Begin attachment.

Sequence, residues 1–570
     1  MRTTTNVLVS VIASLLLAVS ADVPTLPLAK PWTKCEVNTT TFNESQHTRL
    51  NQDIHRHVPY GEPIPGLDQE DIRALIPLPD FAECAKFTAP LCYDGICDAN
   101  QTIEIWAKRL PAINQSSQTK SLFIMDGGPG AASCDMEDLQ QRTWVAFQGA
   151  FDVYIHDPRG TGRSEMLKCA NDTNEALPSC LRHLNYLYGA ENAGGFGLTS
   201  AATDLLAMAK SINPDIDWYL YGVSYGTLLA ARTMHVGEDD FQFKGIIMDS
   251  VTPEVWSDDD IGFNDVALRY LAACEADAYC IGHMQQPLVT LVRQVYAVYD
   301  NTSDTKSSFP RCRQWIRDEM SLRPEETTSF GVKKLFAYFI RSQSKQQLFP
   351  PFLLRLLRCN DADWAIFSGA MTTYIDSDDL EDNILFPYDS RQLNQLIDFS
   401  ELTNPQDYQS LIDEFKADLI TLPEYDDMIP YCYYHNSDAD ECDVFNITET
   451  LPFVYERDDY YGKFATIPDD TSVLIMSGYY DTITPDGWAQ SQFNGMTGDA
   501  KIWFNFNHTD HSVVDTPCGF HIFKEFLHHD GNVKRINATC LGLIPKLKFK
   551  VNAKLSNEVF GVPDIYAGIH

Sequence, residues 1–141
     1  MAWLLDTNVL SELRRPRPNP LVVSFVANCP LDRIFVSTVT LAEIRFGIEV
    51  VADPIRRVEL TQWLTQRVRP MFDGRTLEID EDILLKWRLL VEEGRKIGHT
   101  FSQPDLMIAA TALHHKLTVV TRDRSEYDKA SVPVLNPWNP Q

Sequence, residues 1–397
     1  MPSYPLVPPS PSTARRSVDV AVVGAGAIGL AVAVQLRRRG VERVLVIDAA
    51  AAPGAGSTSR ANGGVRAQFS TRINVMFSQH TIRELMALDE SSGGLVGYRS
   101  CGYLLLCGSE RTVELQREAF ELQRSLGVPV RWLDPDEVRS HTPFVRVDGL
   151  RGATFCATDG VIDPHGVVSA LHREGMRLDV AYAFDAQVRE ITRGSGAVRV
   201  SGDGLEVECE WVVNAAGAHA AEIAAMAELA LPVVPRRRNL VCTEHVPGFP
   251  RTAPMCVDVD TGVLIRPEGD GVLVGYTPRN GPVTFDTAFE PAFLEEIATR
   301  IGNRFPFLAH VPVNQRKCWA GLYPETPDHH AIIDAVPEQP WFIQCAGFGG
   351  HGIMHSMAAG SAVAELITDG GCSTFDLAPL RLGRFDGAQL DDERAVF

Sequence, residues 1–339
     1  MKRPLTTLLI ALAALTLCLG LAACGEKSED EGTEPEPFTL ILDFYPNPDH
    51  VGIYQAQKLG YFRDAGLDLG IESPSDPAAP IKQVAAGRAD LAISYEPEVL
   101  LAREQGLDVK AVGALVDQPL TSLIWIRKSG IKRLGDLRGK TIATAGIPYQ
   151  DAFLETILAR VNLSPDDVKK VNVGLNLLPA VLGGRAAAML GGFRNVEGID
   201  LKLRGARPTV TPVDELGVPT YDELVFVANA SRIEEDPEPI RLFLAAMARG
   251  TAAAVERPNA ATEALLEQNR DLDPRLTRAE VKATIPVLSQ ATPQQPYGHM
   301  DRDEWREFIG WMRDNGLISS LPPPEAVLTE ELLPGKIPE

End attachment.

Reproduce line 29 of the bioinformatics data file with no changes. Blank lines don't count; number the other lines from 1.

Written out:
    51  VGIYQAQKLG YFRDAGLDLG IESPSDPAAP IKQVAAGRAD LAISYEPEVL